All January and early February, as glacial winds smacked us in our face on the walk to school — and somehow back too (uphill, both ways, etc.) — I counted down the days until we would go to Florida to visit my parents (who winter-as-a-verb there like all the other smart retirees of the Northeast) and thaw our bones for five days. Instead, the warm weather found its way here and apparently it’s been full-out spring while we were away but I’m not mad, how could I be, I was sitting on a beach in the middle of winter and it was exactly what we needed, or at least the 3/4 of us that are willing to let our feet touch the sand. Spotty wi-fi, falling asleep shortly after the kids did each night (one who learned a new word “mom-MEE!”) and great heaps of fresh fruit at the hotel’s breakfast buffet (shamelessly one of my favorite resort things) all contributed to an overall feeling of wellness that I hope to carry with me at least for the next 15 minutes, because I believe in keeping expectations reasonable.
I am a sucker for a good meatball. Something happens when you mix otherwise one-dimensional ground meats up with fresh breadcrumbs, herbs, seasonings and make a great sauce to go with it and that is that I will swat your fork away to get at them first. I always believed I held no such adoration for meatloaf until I mentioned this one day — here, on my invisible soapbox — and someone in the comments asked gently, as if they understood they were speaking to a very easily confused individual, if I knew that meatloaf is basically one giant meatball?
Please tell me this doesn’t just happen to me: You know when you love a dish so much, you don’t even want to risk ordering it when you’re out because it’s so often disappointing? Hopeless child of the 80s and 90s that I am, tiramisu is a top five dessert for me but I almost never eat it for this messy reason. At its finest, little bits of cake are almost saturated with bracing espresso then burrowed in a cream that’s ethereally light and fluffy for containing an unholy amount of mascarpone and dusted generously with cocoa or shaved unsweetened chocolate between each layer. The sum of the parts isn’t overly sweet but quite rich, ideal in small doses. It is heaven.
I have very strong opinions about guacamole. Fortunately for all of our sakes, this isn’t the kind of site devoted to didactic culinary lectures; it’s not that my way is right and your way is wrong. [Don’t I sound so mature today?] If you love guacamole with chopped tomatoes, or red onion instead of white, lemon instead of lime or, like a former president of the United States, with garlic in it (shudder), you should just go ahead and keep doing you. You’re cooking for you, not me. And I will eat it, preferably with a salt-rimmed margarita or paloma. I have never turned guacamole away; I am not a monster.
Pretty much everything terrible about making cookies comes down to one thing: deciding you want a cookie and realizing that the expanse between now and when you get to eat said is unfairly wide.
• Butter needs to be softened. Is your kitchen really cold today? Have fun with that.
• The butter needs to be “creamed” with sugar until “light and fluffy.” Some recipes want you to do this for many, many minutes. Some recipes think you are bored.
• Once your dough is made, it needs to be formed into packets and chilled in the fridge for “at least two hours” but “preferably overnight.” Remember when you said you wanted a cookie? You meant tomorrow, right?
Have you ever wanted to go behind the scenes here at the Smitten Kitchen? Like, really behind the scenes, watching me cook, listening to me chatter about how the recipe came about and grimacing at my terrible knife skills? Phew, I was hoping you would say no because I’m excruciatingly awkward in person and also on camera and since we all agree, you can just come back in a day or two and we’ll proceed with a new recipe like we always do. Right?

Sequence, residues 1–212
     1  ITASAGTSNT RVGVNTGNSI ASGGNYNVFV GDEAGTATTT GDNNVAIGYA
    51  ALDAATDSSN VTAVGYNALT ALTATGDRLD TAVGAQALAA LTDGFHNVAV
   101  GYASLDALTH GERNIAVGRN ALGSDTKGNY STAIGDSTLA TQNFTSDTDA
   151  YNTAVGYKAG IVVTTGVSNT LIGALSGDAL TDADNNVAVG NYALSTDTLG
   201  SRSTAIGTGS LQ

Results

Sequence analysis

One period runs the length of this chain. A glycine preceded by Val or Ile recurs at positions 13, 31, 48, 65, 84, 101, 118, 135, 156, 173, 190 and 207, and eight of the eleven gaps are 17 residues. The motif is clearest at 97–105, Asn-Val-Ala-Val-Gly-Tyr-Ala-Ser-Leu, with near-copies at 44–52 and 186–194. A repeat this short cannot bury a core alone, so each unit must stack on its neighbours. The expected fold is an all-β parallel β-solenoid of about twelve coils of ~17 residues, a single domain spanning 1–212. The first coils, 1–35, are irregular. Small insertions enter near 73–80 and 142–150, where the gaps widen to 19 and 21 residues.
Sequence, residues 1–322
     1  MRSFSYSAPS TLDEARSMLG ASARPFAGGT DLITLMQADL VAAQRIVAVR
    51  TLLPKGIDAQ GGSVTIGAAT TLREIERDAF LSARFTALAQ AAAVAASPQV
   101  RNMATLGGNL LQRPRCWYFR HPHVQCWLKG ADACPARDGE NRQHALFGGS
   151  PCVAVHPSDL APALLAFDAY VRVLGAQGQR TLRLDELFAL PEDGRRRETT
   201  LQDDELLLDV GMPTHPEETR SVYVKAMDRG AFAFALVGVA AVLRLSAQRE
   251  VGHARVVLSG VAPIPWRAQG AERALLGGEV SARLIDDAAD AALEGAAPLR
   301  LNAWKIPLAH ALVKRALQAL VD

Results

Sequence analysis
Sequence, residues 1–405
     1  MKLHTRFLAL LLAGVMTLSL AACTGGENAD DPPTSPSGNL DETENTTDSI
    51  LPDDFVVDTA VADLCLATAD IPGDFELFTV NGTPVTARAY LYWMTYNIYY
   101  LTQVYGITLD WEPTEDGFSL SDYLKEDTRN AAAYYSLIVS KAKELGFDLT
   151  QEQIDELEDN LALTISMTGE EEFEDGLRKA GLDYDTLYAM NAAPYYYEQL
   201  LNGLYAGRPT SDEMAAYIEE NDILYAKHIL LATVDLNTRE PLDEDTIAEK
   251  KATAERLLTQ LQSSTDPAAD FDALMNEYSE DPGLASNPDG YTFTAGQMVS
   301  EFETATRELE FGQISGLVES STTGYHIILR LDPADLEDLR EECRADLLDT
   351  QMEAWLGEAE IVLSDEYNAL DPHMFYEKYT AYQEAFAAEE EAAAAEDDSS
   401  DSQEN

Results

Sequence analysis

If I had a superpower, it would be rationalizing. Did you find a pair of boots that you love but they’re wildly expensive? Text me and I will tell you about the only time in my life I have splurged on boots and how lovely they are. Were you having a nostalgic conversation with a friend about boxed macaroni and cheese and now you’re craving it? I say you’re basically obligated to reunite with it once in a while as an adult for, like, reassessment. But that’s my base level of rationalizing; what I did last weekend was Olympic.
I have been thinking about how it might be cool to do a bake pasta dish in which we swap the noodles for farro but leave all the great parts like cheese, so much cheese, chunks of vegetable and, most hopefully, a crunchy lid for years. Years! In that time, I have cooked hundreds of other things, some even not terrible, even, but it took until I handed my husband the latest Ina Garten cookbook and told him to pick out some things we should eat and he pointed to her recipe for crusty shells and cheese that I thought “This!” I last felt this urgently about swapping pasta for a grain when we made this, three and a half years ago.
I don’t know why it took me so long to make this as it combines the only two things I ever want when I’m sick: chicken noodle and wonton soup. The thing is, when you’re sick, you absolutely do not want to cook anything. (Also sometimes when we’re well, to be completely honest. Shh, don’t tell anyone.) And so for a couple nights, we picked up a decent chicken noodle soup in the neighborhood, but when we tired of that, ordered wonton soup instead. It’s usually a disappointment. Sometimes it seems like a quart of bland broth with three floating pockets in it, not the most filling meal. Plus, it’s off the menu for anyone who doesn’t eat pork or shrimp. But this one was not; it was chicken wontons in chicken broth and it was exceptional, the happiest mashup of the two wonderful things.